Good Bye Llangollen, Hello Shroppie

After Sunday’s beautiful weather, Monday brought back the April showers.

At the top of Hurleston locks we stopped to take on domestic water. In the squally rain, and a cutting sharp breeze we descended the four locks. John did the locking, helped by C&RT Volunteer Lockies (thank you Lockies), and I manoeuvred Cyan through the locks, battling the fast flowing by-wash which pushed Cyan away from the direction I wanted her to take. The strong blustery wind didn’t do us any favours either.

Hurleston Junction is at the bottom of the locks, which is the end (or the beginning) of the Llangollen Canal, and is where we take a left turn.  Turning left was ‘again’ a bit of a battle as the wind wanted us to turn right! With a sharp blast of forward-thrust letting Cyan know who’s in charge, it was a relief when she started to pivot to the left!

We didn’t have to cruise on the Shroppie main line too long, as we turned right onto the Middlewich Branch. Just before Cholmondeston Lock (#1), we moored Cyan in the shelter of a tall, yet thick hedge. We were ‘snuggled’ out of the cold north wind for the night.

This morning we woke to a glorious sunny day, yet remains of an overnight hailstorm still on the towpath! The ‘weather man’ said it wouldn’t last, so a decision was made to forgo breakfast, and to get ‘the show’ on the road while the sun shines.

Picture of me and a volunteer lockie, helping Cyan down through Cholmondeston Lock. It’s a deep lock at around 12 ft.

John said it was “Dark down there…!”

John took this pic as he and Cyan left Minshull Lock. This lock’s not as deep than Cholmondeston.

Pootling along was very pleasant as the canal looked ‘down’ over the beautiful Weaver Valley.  The above pic shows us cruising through an aqueduct over the River Weaver.

This pic doesn’t do justice to the magnificent view over the valley – it’s a glorious view.

This lucky milking herd were busy enjoying the lush grass, we couldn’t help but wonder what would happen if one of the cows fell in… would it be able to get out?

The tow path has been freshly mown this morning, and what with the neatly cut hedges, it shows the canal in a wonderful light.

Here’s mother duck with her gorgeous, and hilariously cute family.

This is our ‘home’ for the night, and our exclusive ‘garden’ has been freshly cut for our enjoyment.  We must be blessed!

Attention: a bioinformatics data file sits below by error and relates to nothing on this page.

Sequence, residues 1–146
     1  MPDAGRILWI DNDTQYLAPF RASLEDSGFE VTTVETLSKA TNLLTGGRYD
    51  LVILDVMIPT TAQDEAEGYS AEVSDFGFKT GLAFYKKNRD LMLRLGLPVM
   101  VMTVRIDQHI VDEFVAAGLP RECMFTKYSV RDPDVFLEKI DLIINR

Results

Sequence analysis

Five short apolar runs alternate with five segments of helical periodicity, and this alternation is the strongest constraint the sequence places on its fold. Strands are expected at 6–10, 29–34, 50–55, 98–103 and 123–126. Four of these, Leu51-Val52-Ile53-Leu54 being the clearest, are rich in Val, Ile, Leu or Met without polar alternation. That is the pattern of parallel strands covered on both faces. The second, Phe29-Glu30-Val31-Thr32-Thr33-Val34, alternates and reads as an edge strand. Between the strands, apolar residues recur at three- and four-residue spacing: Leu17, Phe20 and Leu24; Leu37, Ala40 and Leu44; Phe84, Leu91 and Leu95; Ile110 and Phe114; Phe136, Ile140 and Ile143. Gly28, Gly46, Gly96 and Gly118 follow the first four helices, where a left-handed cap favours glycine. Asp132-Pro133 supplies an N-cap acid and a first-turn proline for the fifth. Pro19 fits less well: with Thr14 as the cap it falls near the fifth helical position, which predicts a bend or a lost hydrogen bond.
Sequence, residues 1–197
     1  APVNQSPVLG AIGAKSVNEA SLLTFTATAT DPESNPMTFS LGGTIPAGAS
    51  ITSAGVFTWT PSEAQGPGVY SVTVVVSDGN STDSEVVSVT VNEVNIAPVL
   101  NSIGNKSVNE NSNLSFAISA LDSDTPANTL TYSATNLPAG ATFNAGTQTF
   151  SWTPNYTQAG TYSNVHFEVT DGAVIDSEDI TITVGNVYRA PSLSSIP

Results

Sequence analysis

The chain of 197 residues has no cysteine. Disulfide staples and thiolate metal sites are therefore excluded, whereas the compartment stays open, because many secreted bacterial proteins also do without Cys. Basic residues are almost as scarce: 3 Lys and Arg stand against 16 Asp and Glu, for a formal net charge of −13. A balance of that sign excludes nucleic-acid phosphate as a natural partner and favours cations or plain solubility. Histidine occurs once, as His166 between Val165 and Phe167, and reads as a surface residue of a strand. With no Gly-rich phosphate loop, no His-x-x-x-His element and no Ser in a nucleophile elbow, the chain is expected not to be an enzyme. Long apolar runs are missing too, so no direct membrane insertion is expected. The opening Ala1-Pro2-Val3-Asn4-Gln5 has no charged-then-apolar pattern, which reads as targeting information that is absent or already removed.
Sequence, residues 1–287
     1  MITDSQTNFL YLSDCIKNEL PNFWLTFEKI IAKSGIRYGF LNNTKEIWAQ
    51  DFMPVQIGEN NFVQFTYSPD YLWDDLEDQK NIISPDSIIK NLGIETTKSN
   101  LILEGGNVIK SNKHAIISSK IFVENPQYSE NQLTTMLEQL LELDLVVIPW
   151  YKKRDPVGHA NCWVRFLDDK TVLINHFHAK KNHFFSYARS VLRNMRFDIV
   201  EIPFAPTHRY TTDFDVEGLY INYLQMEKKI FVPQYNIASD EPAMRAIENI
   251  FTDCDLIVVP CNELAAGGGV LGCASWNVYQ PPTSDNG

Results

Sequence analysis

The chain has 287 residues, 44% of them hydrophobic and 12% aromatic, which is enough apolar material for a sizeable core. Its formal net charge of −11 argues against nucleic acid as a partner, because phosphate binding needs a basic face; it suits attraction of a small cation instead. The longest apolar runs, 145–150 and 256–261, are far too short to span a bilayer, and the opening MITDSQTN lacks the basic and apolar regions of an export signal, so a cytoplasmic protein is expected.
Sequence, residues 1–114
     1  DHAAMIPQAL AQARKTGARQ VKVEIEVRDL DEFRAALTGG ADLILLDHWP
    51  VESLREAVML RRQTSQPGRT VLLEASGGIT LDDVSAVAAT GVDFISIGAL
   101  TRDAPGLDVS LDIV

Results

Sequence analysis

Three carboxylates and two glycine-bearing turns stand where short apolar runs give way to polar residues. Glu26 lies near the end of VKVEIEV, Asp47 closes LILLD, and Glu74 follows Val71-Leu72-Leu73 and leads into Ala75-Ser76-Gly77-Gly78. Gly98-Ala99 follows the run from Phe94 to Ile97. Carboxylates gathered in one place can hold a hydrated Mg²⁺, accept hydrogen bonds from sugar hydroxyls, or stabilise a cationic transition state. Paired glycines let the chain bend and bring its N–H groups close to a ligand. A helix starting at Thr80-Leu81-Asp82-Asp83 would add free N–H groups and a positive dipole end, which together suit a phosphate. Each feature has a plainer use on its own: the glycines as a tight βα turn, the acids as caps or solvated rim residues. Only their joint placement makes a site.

We visited this marina when we were looking at boats, but forgot where it was.  Places look very different when travelling by car as opposed to a narrowboat.  We were very impressed with this marina, their helpful friendly staff, and the standard of their facilities is first class.  As we passed we took a pic of their sign for details, as we just might be spending time here during some of the winter months.

Catching Up On The Llangollen Canal

We’re spending this blustery sunny day moored up on the Llangollen Canal. We’ve got over 45 Mg of WiFi, which makes this a good day to catch up with blogging our adventures on NB Cyan.

We’ve had some serious ‘ticking off’ from friends, complaining that we’re not keeping the blog up to speed, and to be honest we’re missing it too because it’s our diary of where we’ve been, when we did it, and without some sort of record, it appears we loose our ‘register’!  When everyday is a new adventure, with new ground (or water) being intrepidly discovered, plus with both our failing memory recall, Cyan’s blog (our on-line diary) is a must for us.

When we first planned this trip from Trinity Marina, to Llangollen Canal Basin, starting on 13th February, we anticipated it would take 25 days…. well here we are at 26 days over plan, and we’re ‘Not There Yet’, which brings to mind the name of the boat we passed yesterday – the boat was aptly called ‘Theft of Time’!

Yesterday after leaving ‘our overnight spot’ on the Shropshire Union Canal, which was just past Overwater Marina, and before Bennets Bridge No 80, we’d decided to have a more leisurely day after the ‘marathon’ 15 locks at Audlem. Our plan was to skip down the last two locks of the Shroppie, fill up our water tank, and moor up just before Hurleston Junction, and where we turn ‘left’ onto the Llangollen Canal.